As the lead vocalist of Styx, Dennis DeYoung and his golden voice helped propel the band to massive success, with a 30-year catalogue of hits that included “Babe,” “Mr. Roboto,” “Show Me the Way” and “Come Sail Away.”

In mid-April DeYoung posted a video on YouTube performing the band’s most iconic song, “Best of Times,” in an effort to cheer people up during the COVID-19 pandemic.

“Hey, kids how you doing?” the former Styx singer asked in the video. “I know, I know, me too. What’s a mother to do, I don’t know. I guess follow the guidelines and try to stay out of harm’s way. What else can we do right now? But you’ve been asking me ‘can you sing a song and make us feel better,’ and I don’t know if that’s possible, but I’ll do my best. This goes back to 1981, but it feels appropriate.”

On May 22, the power ballad icon’s new album, “26 East, Vol. 1” will be released.

Keith Loria: Why did you decide to post the video of singing “Best of Times?”

Dennis DeYoung: My fans on Facebook suggested I do it on numerous occasions, saying we need music to get us through this. I’d take a vaccine instead, but I decided to join in the long list of celebrities and do something from my house on a lark. Those who are your truest fans don’t always speak for the majority of people in the world, so I wasn’t sure who wanted to see this. I had to call up a friend because I didn’t know how to post it because I’m not on YouTube. He helped and the first day I had thousands of views and suddenly I was trending. Who am I, Taylor Swift? It struck a chord with people and I was unprepared for it. But nonetheless, I couldn’t be happier.

KL: How active are you on social media and listening to your fans?

DD: I am not one of these guys who feels the need to get attention. I have a Facebook page but I’m not on Twitter or Instagram or anything like that. I needed the attention when I was a younger man, but at this point in my life, if I have something to say, I’ll say it, and I will write everything on my Facebook page. If you want to know me, read my comments. That’s me. And I treat everyone like a pen-pal. I’m not going to keep filling people’s heads with my thoughts. I’ll only say something if I feel it needs to be said.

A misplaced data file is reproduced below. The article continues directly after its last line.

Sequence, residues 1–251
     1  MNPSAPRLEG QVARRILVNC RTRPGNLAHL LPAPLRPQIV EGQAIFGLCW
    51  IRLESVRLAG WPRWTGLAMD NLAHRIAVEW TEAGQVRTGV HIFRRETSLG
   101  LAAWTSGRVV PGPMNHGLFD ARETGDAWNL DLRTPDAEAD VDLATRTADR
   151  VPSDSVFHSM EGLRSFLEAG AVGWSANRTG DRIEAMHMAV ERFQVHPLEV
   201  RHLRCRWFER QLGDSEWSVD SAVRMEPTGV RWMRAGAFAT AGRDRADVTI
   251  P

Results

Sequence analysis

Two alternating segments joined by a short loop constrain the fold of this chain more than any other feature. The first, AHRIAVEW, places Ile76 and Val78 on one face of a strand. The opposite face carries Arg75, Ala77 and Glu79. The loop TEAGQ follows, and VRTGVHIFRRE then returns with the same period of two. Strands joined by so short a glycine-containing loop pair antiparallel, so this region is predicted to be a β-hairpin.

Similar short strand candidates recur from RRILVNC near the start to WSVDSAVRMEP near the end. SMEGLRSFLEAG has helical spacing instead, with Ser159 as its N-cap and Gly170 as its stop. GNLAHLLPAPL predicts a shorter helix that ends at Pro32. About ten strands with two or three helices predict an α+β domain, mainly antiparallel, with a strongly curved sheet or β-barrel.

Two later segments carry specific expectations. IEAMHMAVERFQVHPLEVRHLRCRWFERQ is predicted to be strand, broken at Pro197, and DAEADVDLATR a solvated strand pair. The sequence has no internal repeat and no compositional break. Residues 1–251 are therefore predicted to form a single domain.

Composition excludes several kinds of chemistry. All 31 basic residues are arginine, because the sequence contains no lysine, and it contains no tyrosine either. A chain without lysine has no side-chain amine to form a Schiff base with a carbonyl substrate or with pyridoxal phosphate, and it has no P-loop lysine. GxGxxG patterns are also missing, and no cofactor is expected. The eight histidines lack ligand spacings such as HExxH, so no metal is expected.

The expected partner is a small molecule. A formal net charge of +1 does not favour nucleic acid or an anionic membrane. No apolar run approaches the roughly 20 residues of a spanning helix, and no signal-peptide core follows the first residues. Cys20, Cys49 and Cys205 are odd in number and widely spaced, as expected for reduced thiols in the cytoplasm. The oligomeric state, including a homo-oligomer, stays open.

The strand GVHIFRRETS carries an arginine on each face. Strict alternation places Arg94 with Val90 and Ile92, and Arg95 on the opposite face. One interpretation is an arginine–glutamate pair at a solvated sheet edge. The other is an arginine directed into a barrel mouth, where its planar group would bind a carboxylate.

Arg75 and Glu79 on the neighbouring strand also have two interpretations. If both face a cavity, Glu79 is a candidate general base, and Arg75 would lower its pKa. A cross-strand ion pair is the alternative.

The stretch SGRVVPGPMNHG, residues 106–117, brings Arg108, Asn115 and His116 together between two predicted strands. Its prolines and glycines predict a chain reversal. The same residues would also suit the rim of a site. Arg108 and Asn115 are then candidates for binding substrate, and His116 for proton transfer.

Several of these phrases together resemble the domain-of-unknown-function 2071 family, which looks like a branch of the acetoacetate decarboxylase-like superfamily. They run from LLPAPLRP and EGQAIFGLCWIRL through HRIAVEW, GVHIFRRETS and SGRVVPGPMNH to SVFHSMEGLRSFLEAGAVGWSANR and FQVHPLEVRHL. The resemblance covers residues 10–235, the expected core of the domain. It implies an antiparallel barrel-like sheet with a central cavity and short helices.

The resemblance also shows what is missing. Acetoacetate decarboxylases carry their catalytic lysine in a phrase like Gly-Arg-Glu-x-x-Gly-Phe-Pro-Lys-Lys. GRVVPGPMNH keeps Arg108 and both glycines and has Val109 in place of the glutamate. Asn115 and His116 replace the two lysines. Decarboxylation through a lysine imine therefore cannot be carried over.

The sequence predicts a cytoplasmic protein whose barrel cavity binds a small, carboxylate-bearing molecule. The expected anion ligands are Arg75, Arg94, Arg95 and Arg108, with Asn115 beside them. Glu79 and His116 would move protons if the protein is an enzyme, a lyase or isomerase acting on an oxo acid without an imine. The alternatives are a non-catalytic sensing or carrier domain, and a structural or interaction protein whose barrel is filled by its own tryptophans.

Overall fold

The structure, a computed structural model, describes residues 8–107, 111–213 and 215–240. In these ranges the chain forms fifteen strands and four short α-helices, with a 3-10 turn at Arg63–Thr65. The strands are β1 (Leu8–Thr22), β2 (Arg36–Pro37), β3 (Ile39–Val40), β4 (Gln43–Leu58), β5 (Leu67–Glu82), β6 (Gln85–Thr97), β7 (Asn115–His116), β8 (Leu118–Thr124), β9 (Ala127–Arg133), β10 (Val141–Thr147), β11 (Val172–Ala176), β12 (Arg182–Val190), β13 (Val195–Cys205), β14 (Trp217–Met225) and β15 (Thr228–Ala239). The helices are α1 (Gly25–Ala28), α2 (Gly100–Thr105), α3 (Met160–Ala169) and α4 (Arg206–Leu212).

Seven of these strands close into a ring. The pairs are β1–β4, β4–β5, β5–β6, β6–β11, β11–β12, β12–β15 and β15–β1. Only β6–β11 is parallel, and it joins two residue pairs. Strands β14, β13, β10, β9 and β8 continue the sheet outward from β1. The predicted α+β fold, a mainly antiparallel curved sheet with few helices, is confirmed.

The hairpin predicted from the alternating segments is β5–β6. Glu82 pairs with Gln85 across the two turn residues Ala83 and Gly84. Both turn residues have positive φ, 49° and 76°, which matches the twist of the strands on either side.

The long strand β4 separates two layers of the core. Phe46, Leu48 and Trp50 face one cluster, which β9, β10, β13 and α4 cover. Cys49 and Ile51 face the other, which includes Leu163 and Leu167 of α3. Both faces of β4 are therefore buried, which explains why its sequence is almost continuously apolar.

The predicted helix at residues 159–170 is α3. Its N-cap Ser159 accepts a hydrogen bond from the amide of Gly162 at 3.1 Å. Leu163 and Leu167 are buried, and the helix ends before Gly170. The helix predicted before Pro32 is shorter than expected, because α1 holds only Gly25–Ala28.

KL: You’re about to release “26 East: Volume 1” your first album of original solo material in more than a decade. Why was now the time?

DD: I didn’t want to do it. I had an offer on the table for years, but why would I make an album? My friend told me the world needs your music, but I said, ‘half the world detests me’ so I don’t buy it. I thought rock music was dead on the radio. I was reluctant but before I knew it, I had eight songs. I’m happy they convinced me to do it because it allows me to say goodbye to the fans and people who gave me the most incredible life. It allows me to put the period, exclamation point, wave and say goodbye.

KL: You had to push the album back from its initial April release, but you do have two songs already available, including a collaboration with Julian Lennon. Was the release timing related to the coronavirus?

DD: I’ve worked two and a half years on this album and I released the first single two days before this whole pandemic started, so the universe does what it wants and sometimes you just can’t control things. In this case, the universe did what it wanted.

KL: You mentioned that this album puts the “exclamation point” on your career and lets you wave goodbye to your fans, yet it’s called “Volume 1.” Can we expect a Volume 2?

DD: It was a mistake. We had 18 songs. We wanted to include them all, but you can’t do that, so they offered me the opportunity to split it in two. I didn’t like the idea.

KL: You are considered the king of the power ballad and your voice seems as powerful today at the age of 73 as it did 40-50 years ago. How do you keep it in shape?

DD: The best kind of luck is dumb, stupid luck, and that’s what I have. I didn’t earn this voice, but when I realized what I had, I took care of it. I don’t abuse it with alcohol, drugs or smoking. I can still sing and I’d be a liar if I said it was as effortless as it once was, but I can still do 90 percent of what I need to do.

KL: You told Rolling Stone recently that you would be interested in a Styx reunion. Where is your stance on that today with what the world’s going through today?

DD: My new tour manager is the CDC, so I have no control over any of that. Everybody knows — especially every Styx fan — what they want. They want to see Moe, Larry and Curly back on stage together. We have two very successful camps that travel around making a nice living playing the music that people love. But one last time, we should all get up there together and do it for the fans. They want it. I don’t want to be in the band. I just want to take a victory lap.